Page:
Who Would Have Won a Dire Wolf vs. Saber-Toothed Tiger Faceoff?

Both animals were large and strong, but each had its weaknesses

Artwork of a sabre-toothed cat (Smilodon sp.)
JOE TUCCIARONE/SCIENCE PHOTO LIBRARY / Getty Images

The dire wolf (Canis dirus) and the saber-toothed tiger (Smilodon fatalis) are two of the best-known megafauna mammals of the late Pleistocene epoch, prowling North America until the last Ice Age and the advent of modern humans. Thousands of their skeletons have been dredged from the La Brea Tar Pits in Los Angeles, indicating that these predators lived in close proximity. Both were formidable, but which would triumph in mortal combat?

Dire Wolf

The dire wolf was a plus-size predecessor of the modern dog and a close relative of the grey wolf (Canis lupus), a carnivore that also scoured Pleistocene North America. (The word "dire," meaning "fearful" or "threatening," comes from the Greek word dirus.)

As the genus Canis goes, the dire wolf was pretty big. Some may have weighed up to 200 pounds, though 100 to 150 pounds was normal. This predator had powerful, bone-crushing jaws and teeth, used mostly for scavenging rather than hunting. The discovery of huge numbers of associated dire wolf fossils is evidence of pack behavior.

Dire wolves had significantly smaller brains than grey wolves, which may explain how the latter helped drive it to extinction. Also, the dire wolf's legs were much shorter than those of modern wolves or large dogs, so it probably couldn't run much faster than a house cat. Finally, the dire wolf's predilection for scavenging rather than hunting would probably have put it at a disadvantage facing a hungry saber-toothed tiger.

Saber-Toothed Tiger

Despite its popular name, the saber-toothed tiger was only distantly related to modern tigers, lions, and cheetahs. The Smilodon fatalis dominated North (and eventually South) America. The Greek name Smilodon roughly translates as "saber tooth."

Its notable weapons were its long, curved teeth.

However, it didn't attack prey head-on with them; it lounged in low tree branches, pouncing suddenly and digging its enormous canines into its victim. Some paleontologists believe that the tiger also hunted in packs, though evidence is less compelling than for the dire wolf.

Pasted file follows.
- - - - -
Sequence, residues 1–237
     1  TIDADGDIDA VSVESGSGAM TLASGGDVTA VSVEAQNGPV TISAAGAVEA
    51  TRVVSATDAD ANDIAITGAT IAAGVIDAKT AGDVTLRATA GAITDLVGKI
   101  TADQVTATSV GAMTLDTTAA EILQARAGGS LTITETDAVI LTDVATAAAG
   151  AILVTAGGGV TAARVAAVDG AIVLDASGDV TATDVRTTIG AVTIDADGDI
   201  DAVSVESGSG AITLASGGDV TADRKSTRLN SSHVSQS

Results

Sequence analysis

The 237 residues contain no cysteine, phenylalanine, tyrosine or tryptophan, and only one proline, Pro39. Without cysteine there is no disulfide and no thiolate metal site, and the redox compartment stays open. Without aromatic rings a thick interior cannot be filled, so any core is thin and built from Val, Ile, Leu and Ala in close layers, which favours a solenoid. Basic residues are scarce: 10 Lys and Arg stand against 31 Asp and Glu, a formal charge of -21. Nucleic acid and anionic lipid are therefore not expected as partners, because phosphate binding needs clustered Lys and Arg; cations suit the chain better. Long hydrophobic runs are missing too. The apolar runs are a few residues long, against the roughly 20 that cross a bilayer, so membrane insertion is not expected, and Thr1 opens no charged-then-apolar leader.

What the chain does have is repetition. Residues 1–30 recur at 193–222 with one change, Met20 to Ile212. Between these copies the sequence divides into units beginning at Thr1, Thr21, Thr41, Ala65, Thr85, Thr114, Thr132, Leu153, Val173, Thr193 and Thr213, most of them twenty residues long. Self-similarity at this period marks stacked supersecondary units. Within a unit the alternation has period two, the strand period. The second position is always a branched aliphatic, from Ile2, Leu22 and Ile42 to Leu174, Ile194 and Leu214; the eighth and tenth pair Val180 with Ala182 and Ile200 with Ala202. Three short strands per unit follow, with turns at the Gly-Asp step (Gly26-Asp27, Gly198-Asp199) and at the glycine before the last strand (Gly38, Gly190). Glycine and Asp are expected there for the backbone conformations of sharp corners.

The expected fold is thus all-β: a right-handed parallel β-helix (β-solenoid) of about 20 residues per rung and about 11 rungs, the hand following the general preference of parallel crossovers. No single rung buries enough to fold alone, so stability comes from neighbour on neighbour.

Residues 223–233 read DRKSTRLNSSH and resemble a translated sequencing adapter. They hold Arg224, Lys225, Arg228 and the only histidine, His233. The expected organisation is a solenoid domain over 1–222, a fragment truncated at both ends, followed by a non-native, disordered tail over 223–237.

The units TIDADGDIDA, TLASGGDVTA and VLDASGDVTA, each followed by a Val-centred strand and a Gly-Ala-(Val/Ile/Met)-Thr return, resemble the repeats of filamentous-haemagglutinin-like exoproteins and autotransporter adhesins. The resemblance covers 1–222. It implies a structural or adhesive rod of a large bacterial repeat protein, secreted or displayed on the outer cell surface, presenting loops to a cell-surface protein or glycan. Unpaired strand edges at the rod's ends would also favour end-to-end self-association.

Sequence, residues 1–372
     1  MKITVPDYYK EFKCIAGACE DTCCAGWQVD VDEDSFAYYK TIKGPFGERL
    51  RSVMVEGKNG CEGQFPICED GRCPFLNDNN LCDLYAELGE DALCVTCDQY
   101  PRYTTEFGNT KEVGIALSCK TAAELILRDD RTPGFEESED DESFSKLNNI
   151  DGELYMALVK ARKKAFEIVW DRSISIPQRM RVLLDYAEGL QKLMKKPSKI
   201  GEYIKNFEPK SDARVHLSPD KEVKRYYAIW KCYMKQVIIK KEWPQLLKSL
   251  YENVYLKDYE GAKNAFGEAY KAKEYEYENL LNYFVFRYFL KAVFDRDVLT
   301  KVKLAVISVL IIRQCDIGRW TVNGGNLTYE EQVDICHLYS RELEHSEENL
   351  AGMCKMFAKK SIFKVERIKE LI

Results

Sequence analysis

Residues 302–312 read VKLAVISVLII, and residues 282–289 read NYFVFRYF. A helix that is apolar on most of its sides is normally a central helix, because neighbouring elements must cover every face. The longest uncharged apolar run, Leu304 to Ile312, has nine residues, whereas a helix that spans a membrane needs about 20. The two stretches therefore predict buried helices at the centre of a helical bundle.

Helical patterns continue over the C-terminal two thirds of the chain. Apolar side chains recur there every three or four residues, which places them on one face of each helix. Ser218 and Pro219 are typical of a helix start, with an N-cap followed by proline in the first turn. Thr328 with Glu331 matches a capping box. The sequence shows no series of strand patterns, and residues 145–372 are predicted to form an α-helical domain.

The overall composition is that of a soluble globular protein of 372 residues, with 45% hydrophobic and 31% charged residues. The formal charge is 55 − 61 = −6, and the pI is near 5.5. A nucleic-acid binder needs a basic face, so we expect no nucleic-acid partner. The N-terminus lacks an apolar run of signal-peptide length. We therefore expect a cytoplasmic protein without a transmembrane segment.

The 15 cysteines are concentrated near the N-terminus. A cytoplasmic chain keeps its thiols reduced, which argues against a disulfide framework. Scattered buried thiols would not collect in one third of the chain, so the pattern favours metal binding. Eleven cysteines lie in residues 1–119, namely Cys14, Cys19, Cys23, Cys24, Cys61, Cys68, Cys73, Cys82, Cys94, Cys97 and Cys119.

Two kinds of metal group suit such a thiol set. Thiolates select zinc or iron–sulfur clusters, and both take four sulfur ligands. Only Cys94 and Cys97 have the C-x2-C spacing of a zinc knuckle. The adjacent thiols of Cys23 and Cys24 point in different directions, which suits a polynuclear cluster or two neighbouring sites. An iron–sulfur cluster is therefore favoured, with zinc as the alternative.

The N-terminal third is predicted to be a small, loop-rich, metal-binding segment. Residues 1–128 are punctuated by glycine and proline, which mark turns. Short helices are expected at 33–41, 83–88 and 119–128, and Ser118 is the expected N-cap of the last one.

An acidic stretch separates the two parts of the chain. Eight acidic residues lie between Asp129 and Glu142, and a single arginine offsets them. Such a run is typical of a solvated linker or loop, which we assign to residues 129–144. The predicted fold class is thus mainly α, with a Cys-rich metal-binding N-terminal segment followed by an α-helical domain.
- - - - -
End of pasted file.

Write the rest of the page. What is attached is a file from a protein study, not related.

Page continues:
As big cats go, Smilodon fatalis was relatively slow, stocky, and thick-limbed, the biggest adults weighing 300 to 400 pounds but not as nimble as a comparably sized lion or tiger. Also, as scary as its canines were, its bite was relatively weak; chomping too hard on prey might have broken one or both saber teeth, effectively dooming it to slow starvation.

The Fight

In normal circumstances, full-grown saber-toothed tigers wouldn't have come near comparably sized dire wolves. But if these predators converged on the tar pits, the saber-tooth would have been at a disadvantage, because it couldn't pounce from a tree branch. The wolf was at a disadvantage because it would rather feast on dead herbivores than hungry carnivores. The two animals would have circled each other, the dire wolf swatting with its paws, the saber-toothed tiger lunging with its teeth.

If Smilodon fatalis roamed in packs, they likely were small and loosely associated, whereas the dire wolf's pack instincts would have been much more robust.

Sensing that a pack member was in trouble, three or four other wolves would have rushed to the scene and swarmed the saber-toothed tiger, inflicting deep wounds with their massive jaws. The tiger would have put up a good fight, but it would have been no match for a thousand pounds of canines. A crushing bite to Smilodon's neck would have ended the battle.